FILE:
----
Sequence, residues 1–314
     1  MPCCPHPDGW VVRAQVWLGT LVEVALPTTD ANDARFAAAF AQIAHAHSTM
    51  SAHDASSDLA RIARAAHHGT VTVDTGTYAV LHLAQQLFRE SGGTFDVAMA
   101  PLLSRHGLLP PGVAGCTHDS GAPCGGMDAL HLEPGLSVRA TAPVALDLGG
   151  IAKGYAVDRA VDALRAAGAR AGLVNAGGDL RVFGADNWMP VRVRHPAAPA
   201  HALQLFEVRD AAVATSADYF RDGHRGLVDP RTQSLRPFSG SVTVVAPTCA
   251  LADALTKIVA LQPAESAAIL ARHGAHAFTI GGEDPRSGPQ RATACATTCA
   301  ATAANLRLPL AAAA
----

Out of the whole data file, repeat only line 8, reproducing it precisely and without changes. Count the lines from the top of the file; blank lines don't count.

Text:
   301  ATAANLRLPL AAAA